Lynnfield

Lynnfield Town Meeting recently denied a zoning change that would have rezoned land adjacent to Sagamore Golf Club and allowed 66 duplex-style condominiums. At left is one of the signs opposing the proposal.

Essentially declaring the northernmost stretches of Main Street as off-limits for any other type of development, Lynnfield's citizens recently defended the area's underlying single-family zoning designation.

In a lopsided decision that caught some political observers by surprise, Lynnfield's voters in late April rejected a Town Meeting rezoning initiative needed to facilitate the construction of an age-restricted condominium development on Main Street by the Sagamore Springs Golf Course.

The proposed legislation, which required a two-thirds vote to pass, failed in dramatic fashion by failing to garner even a simple majority of supporters. Though the zoning change was endorsed by both Lynnfield's Board of Selectmen and Finance Board, voters defeated Article 16 by a near two-to-one margin in a 174-to-340 vote.

Melrose developer Angus Bruce, who was hoping to shift a portion of a 22.6-acre parcel by 1414 Main St. into the town's senior housing district, had planned on constructing as many as 66 duplex-style dwelling units for persons aged 55 and older on the heavily-wooded site, which is situated a short proximity away from the Peabody line.

Bruce is reportedly now considering a by-right subdivision for the land that would include the construction of as many as 15 single-family homes.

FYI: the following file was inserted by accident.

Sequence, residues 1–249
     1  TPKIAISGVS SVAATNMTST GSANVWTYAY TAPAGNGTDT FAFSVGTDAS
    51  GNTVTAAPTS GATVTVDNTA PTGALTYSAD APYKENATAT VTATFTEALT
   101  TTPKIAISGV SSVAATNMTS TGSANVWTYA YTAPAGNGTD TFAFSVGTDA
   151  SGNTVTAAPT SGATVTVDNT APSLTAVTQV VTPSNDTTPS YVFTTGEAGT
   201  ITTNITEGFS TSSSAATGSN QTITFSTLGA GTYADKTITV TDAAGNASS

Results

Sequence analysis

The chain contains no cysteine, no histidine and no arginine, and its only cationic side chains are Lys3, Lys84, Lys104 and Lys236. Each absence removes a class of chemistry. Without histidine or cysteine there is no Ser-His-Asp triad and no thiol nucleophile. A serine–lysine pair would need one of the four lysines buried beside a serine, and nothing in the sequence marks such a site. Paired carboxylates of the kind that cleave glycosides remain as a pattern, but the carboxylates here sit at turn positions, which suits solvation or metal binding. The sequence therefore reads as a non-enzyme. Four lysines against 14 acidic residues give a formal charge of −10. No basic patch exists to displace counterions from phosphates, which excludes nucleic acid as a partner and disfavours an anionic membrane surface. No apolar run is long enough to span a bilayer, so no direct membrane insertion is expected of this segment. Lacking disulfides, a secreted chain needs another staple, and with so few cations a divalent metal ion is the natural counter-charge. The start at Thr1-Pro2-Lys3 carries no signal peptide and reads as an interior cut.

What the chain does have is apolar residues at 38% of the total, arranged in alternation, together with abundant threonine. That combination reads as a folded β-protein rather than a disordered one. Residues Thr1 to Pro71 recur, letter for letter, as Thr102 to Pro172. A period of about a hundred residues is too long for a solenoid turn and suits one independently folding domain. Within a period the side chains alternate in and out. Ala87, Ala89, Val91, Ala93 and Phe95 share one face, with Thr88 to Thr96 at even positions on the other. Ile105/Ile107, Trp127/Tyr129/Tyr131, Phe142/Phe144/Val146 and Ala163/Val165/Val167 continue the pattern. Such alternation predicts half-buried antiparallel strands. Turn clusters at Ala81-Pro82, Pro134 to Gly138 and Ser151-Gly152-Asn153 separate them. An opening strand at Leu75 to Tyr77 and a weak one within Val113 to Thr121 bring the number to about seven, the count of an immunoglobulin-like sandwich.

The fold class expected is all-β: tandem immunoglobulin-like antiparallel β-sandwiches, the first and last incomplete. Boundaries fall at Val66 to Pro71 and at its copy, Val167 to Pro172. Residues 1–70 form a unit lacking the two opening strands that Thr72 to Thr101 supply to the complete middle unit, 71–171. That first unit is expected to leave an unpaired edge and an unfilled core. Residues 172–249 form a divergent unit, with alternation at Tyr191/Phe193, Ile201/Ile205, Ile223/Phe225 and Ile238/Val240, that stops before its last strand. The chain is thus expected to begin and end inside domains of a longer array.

Technically, Bruce and proponents of the senior housing had referenced that traditional subdivision as a worst-case scenario for the community, which would have to bear the expense of educating a host of new school-aged children who move into the neighborhood.

That strategy backfired, as Lynnfield's voters, far from bemoaning the projected addition of as many as 40 new pupils, openly welcomed the alternative proposal during the Town Meeting assembly.

"I think that perspective is a sad commentary on our town. Since those children aren't here to advocate for themselves, I as a parent feel compelled to speak for them," Lynnfield resident Andrea Paciello said. "I for one, welcome children and the next generation."

This spring's defeat of the zoning initiative marks the second time in a year that Lynnfield citizens have chased away a developer looking to construct a 55-plus housing complex along the northern portions on Main Street.

Last year, the community similarly rejected a zoning change needed to advance Mashpee-based Bonvie Homes' proposal to build a gated 55-plus townhouse project on the easterly side of the 171-acre Sagamore Spring Golf Club.

As with the most recent zoning change, opponents of the golf course redevelopment cited traffic concerns, particularly by the busy intersection of Lowell and Main Streets, as well as worries about water supply and wastewater treatment impacts.

The Woods at Lynnfield

In March, Bruce first approached Lynnfield's Board of Selectmen with his Woods at Lynnfield plans, which would have involved the construction of 66 two-bedroom condominiums, each with a two-car garage and a total living area of 2,100 square feet.